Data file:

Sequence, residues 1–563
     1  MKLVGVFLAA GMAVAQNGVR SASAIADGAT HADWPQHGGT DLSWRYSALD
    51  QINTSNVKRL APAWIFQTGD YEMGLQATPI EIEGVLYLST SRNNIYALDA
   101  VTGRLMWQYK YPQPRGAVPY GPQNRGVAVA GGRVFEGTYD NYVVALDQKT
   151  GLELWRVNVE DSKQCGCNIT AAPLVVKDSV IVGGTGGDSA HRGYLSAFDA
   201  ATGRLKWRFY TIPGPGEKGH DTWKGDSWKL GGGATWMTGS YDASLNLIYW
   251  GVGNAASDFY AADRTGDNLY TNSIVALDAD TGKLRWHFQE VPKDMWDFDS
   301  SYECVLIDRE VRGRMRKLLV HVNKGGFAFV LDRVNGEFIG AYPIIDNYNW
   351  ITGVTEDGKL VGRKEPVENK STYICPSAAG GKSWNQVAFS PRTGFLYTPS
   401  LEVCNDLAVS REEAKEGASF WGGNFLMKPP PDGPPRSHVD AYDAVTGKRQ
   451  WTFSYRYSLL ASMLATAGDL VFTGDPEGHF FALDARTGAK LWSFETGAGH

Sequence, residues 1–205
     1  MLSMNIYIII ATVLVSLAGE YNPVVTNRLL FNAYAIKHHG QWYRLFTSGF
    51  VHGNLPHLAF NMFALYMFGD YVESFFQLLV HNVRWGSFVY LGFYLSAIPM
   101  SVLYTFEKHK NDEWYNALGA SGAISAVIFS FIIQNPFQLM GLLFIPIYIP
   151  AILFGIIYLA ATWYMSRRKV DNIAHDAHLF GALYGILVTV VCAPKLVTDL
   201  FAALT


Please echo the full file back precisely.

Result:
Sequence, residues 1–563
     1  MKLVGVFLAA GMAVAQNGVR SASAIADGAT HADWPQHGGT DLSWRYSALD
    51  QINTSNVKRL APAWIFQTGD YEMGLQATPI EIEGVLYLST SRNNIYALDA
   101  VTGRLMWQYK YPQPRGAVPY GPQNRGVAVA GGRVFEGTYD NYVVALDQKT
   151  GLELWRVNVE DSKQCGCNIT AAPLVVKDSV IVGGTGGDSA HRGYLSAFDA
   201  ATGRLKWRFY TIPGPGEKGH DTWKGDSWKL GGGATWMTGS YDASLNLIYW
   251  GVGNAASDFY AADRTGDNLY TNSIVALDAD TGKLRWHFQE VPKDMWDFDS
   301  SYECVLIDRE VRGRMRKLLV HVNKGGFAFV LDRVNGEFIG AYPIIDNYNW
   351  ITGVTEDGKL VGRKEPVENK STYICPSAAG GKSWNQVAFS PRTGFLYTPS
   401  LEVCNDLAVS REEAKEGASF WGGNFLMKPP PDGPPRSHVD AYDAVTGKRQ
   451  WTFSYRYSLL ASMLATAGDL VFTGDPEGHF FALDARTGAK LWSFETGAGH

Sequence, residues 1–205
     1  MLSMNIYIII ATVLVSLAGE YNPVVTNRLL FNAYAIKHHG QWYRLFTSGF
    51  VHGNLPHLAF NMFALYMFGD YVESFFQLLV HNVRWGSFVY LGFYLSAIPM
   101  SVLYTFEKHK NDEWYNALGA SGAISAVIFS FIIQNPFQLM GLLFIPIYIP
   151  AILFGIIYLA ATWYMSRRKV DNIAHDAHLF GALYGILVTV VCAPKLVTDL
   201  FAALT